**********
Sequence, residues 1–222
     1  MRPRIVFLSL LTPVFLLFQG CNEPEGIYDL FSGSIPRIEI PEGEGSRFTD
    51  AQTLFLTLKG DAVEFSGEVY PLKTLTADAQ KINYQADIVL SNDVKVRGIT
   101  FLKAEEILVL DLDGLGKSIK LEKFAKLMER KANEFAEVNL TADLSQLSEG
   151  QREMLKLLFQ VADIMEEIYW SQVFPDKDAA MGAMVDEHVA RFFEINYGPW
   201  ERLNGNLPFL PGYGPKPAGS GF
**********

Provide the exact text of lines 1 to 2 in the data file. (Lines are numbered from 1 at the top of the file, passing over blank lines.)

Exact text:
Sequence, residues 1–222
     1  MRPRIVFLSL LTPVFLLFQG CNEPEGIYDL FSGSIPRIEI PEGEGSRFTD